Once overlain by the Tethys Sea, Texas boasts rich limestone deposits along with inactive volcanoes, unique uplifted areas, coal-rich lowlands, coastal sands, mountain ranges and deserts. Igneous, metamorphic and sedimentary rocks can all be found in Texas, along with several fossils and precious and semi-precious crystals and gemstones.
Igneous rocks, formed from the cooling of magma from deep within the earth, form extrusive and intrusive varieties. Extrusive, or volcanic, igneous rocks form from rapidly cooling magma that reaches the earth's surface. When magma cools quickly, the crystalline structures that form are tiny and often indistinguishable from one another. In west Texas, lava flowed to the surface and hardened during the Tertiary period, forming the mountains of the Big Bend area. Intrusive igneous rocks form granite when magma cools more slowly beneath the earth's crust. Granite contains different colors because the molten rock cools slowly enough that you can see the minerals of feldspar, mica, hornblende and quartz that form within it. There are granite deposits in west Texas, the Balcones Fault Zone and -- perhaps the best known example -- the Llano Uplift. At the last example, you can climb Enchanted Rock, a huge granite uplift that formed underground and became visible when the covering layers of the earth's crust eroded away.
Rocks of all shapes and sizes, soils, and plant and animal materials are transported across the landscape by wind or water and deposited onto the earth. Over time and under pressure, these can form sedimentary rocks, such as sandstone -- formed from the deposition of sands, siltstones -- formed from the deposition of silt, and shale -- formed from the deposition of mud and clay. Another pervasive sedimentary rock in Texas is limestone. Much of the limestone in Texas is filled with fossils of animals that thrived when the area was under water. As those animals died, their calcium carbonate shells sunk to the bottom of the sea and were later cemented together with the help of dissolved rock materials precipitating out of solution. The holes commonly visible in limestone are formed from the dissolution of this calcium carbonate, making way for the development of caves and huge underground aquifers.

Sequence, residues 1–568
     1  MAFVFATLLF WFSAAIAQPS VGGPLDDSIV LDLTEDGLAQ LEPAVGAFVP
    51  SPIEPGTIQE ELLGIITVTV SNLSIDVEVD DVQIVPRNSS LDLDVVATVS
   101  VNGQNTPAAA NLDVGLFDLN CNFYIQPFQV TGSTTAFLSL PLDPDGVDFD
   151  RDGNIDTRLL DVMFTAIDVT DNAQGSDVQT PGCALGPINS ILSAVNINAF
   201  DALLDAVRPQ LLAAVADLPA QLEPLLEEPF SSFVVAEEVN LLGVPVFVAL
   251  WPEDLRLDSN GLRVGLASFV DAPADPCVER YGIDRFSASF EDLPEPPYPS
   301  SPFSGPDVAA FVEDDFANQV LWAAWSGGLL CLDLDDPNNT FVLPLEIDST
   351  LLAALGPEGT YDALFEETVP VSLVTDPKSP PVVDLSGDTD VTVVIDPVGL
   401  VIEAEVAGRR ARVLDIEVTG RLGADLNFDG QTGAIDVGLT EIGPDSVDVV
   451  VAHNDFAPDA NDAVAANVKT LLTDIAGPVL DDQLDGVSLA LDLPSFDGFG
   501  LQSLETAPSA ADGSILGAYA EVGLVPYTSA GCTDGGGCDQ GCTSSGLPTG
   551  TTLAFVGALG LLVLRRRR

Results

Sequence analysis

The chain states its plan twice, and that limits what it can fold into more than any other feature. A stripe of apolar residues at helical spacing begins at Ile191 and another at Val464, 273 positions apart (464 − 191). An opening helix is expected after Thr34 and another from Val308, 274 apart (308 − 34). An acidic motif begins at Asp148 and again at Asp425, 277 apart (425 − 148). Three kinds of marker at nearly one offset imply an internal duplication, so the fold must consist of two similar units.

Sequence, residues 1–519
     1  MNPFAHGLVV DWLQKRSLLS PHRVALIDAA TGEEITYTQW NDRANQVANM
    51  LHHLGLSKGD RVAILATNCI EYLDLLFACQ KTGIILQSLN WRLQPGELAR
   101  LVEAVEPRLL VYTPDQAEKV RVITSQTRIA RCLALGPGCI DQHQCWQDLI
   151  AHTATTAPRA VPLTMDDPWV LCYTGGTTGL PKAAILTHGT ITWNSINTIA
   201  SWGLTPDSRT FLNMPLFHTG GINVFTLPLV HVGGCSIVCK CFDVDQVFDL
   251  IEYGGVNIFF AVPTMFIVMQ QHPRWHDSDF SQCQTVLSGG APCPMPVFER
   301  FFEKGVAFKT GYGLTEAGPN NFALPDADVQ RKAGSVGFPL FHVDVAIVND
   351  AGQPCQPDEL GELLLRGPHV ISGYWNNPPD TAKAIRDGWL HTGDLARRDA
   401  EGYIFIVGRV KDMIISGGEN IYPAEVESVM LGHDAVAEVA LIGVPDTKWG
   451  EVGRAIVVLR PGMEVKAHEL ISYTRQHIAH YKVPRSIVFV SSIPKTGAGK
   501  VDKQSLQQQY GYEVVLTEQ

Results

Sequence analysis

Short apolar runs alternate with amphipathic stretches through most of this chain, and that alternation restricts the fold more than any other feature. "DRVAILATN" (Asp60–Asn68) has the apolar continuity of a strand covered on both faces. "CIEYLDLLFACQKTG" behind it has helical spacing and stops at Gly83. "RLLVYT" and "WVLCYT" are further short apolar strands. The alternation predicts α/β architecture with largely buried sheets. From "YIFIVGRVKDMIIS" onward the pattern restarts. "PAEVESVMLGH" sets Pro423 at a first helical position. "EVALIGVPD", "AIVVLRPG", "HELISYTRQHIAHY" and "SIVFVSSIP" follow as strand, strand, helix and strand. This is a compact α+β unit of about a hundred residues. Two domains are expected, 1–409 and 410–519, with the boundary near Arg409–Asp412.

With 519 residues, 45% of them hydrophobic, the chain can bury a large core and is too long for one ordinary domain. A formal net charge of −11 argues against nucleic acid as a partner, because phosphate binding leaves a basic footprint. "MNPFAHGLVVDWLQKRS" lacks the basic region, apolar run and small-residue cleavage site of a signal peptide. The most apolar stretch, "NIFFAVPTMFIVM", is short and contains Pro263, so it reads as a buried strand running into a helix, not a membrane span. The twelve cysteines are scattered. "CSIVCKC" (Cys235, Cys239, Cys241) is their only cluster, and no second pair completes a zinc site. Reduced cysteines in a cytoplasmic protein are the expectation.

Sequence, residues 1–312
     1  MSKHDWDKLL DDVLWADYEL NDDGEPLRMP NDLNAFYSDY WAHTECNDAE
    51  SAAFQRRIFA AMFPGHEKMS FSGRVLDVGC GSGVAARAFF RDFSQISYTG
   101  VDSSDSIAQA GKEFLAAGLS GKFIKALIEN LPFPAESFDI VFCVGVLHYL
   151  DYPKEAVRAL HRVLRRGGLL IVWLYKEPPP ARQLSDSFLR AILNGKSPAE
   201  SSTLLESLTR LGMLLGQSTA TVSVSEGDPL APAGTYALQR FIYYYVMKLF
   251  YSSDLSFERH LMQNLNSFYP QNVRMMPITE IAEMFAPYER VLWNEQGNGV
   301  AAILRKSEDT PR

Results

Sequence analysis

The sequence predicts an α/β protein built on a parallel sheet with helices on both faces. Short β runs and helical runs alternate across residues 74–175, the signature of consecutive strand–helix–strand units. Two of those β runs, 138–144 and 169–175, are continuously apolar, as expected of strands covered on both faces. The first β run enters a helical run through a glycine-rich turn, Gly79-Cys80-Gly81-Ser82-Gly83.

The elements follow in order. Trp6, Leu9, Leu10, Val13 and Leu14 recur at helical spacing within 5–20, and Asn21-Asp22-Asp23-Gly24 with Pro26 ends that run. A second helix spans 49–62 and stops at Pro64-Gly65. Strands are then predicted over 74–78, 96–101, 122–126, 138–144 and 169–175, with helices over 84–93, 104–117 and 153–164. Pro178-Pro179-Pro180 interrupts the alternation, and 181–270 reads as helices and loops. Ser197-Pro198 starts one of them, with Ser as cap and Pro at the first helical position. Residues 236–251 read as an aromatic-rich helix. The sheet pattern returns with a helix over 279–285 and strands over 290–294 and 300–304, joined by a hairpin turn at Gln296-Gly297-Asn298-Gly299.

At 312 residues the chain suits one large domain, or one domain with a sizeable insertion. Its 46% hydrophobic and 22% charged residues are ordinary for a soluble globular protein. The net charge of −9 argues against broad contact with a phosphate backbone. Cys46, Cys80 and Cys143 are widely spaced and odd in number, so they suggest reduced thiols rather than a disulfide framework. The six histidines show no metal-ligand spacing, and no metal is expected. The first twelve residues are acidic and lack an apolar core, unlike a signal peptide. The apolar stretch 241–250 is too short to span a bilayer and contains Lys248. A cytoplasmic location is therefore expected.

Under the right combination of pressure, time, fluids and heat, rock types can change, or metamorphose, forming metamorphic rocks. Granite can metamorphose into gneiss, limestone can harden into marble, shale can be changed into slate. Static metamorphosis occurs when rocks buried deep beneath the earth's surface have enough younger rocks deposited on top of them to form great pressures and expose them to the hotter temperatures that occur deeper underground. Contact metamorphosis occurs when the heat, liquids, gasses and pressure from hot magma moving over rocks underground cause them to change. Dynamic metamorphosis is one of the processes that forms mountain ranges. During dynamic metamorphosis, heat and pressure under the earth's crust cause flat layers of rock to be pushed upwards into arches, which can then break and fracture or slide over one another.
Identifying Texas Rocks and Minerals
Rock identification begins with the categorization of certain characteristics of the rock or mineral. The first characteristics are luster, or how shiny a mineral is, and color. Next you will determine the hardness by testing whether a metallic mineral will leave a mark on paper, or -- if not -- whether it can be scratched by a pocket knife. The tests for hardness for nonmetallic minerals are whether it can be scratched by a fingernail, a copper penny, a pocket knife or a piece of quartz. Once you have determined the luster, color and hardness of a mineral, other characteristics can be used to narrow down the identification, such as what a mineral tastes or smells like, or if it will readily burn and what color flame is produced.
The Llano Uplift produces the state gemstone of Texas, blue topaz, which is incredibly resistant to erosion and can occur in a variety of colors from sky blue to white. The mountainous areas of west Texas produce uniquely banded agates, petrified wood, fossilized coral and dinosaur bones, and rare tangerines and amethyst. The Panhandle region produces a few agates and some petrified wood, but is best known for a unique variety of flint called Alibates, which can be pink or blue and was used by Native Americans to make tools. Petrified fern wood formed in the warm, wet regions of east Texas has become the Texas state rock. It is most prized when found with a light, creamy outside and black, shiny inside.